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On Minister Mahuta and the Advocacy of Supermajorities by (leftist & rightist) economists

We try to be non-partisan on this blog, taking issue with left and right alike. And on that note, Kiwi rightists are currently agitated about attempts by Minister Mahuta to insert an "entrenchment clause" in the Three Waters legislation, meaning that any future attempt to privatise the infrastructure would require a supermajority in the House. National Party leader, Chris Luxon, wants her sacked from Cabinet.

He is reported as saying, “Three Waters is a debacle. Not only is the government confiscating assets from community ownership but, in an effort to rush it through urgency, the responsible minister tried to sneak in unconstitutional and undemocratic entrenchment provisions against Cabinet guidelines.

Political commentator Bryce Edwards today said that although it is unclear why Labour tried "pushing through constitutionally objectionable & anti-democratic entrenchment provisions for Three Waters, there is now little doubt that Mahuta was driving the change".

Turns out former Chair of the Business Roundtable in NZ, Roger Kerr, supported entrenchment & supermajorities. He wanted a supermajority to be inserted into our Public Finance Act. This is what he wrote in the Scoop article below, "there is a case for a super-majority requirement for tax increases because of the risk that a simple political majority may act in a predatory fashion on either a minority of the population (eg high income earners who pay the lion's share of tax) or on a relatively unorganised majority of taxpayers".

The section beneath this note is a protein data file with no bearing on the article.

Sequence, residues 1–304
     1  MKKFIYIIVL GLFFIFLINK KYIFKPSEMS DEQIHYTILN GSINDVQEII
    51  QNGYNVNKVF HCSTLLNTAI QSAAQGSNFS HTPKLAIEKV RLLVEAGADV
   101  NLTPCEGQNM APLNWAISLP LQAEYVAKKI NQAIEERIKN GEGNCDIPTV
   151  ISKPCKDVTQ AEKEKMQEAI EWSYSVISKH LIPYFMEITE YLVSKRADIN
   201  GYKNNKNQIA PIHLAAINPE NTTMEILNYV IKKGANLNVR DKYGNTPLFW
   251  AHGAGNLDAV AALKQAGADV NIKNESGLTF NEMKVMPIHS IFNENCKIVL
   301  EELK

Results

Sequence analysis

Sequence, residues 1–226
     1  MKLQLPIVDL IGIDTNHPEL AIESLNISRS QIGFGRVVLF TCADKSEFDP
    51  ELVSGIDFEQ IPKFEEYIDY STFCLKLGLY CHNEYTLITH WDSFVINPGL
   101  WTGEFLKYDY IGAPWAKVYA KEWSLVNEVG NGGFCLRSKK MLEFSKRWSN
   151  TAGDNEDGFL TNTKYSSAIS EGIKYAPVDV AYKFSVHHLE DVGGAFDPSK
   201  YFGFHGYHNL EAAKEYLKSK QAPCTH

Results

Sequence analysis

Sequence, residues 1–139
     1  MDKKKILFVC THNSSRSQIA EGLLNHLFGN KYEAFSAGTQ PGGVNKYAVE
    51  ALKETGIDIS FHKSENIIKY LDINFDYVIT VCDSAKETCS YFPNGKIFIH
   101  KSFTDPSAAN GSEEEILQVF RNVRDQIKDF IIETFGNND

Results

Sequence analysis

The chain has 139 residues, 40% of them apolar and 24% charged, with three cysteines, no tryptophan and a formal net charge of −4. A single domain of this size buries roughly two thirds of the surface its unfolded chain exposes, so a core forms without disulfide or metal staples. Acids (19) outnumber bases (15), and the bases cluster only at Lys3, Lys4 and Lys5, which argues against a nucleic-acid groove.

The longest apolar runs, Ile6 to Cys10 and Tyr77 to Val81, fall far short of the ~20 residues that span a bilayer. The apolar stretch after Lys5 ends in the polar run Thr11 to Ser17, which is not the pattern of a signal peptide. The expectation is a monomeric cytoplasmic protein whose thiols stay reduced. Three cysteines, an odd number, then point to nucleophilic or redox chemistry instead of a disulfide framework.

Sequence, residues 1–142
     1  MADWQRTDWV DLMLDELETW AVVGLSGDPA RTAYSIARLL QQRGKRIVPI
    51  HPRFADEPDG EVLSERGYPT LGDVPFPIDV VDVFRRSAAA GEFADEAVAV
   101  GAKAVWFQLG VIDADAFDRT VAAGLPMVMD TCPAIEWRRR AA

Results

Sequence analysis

In other words, Kerr wanted a supermajority to make it harder for the government to pick on high earners by taxing them more. His argument was that supermajorities make the system more democratic since they constrain governments from picking on minorities. By the way, the reincarnation of the Business Roundtable is the NZ Initiative, which is regularly consulted by Luxon for advice & has effectively become the informal think tank of the National Party.

To clarify, maybe the process which Minister Mahuta was using to get a supermajority written into law - by way of "urgency" - was not appropriate. However, as for the supermajority itself, such "entrenchment" of legislation has a long history of being supported by the right, as well as the left, in order to support, in their opinions, better economic outcomes.



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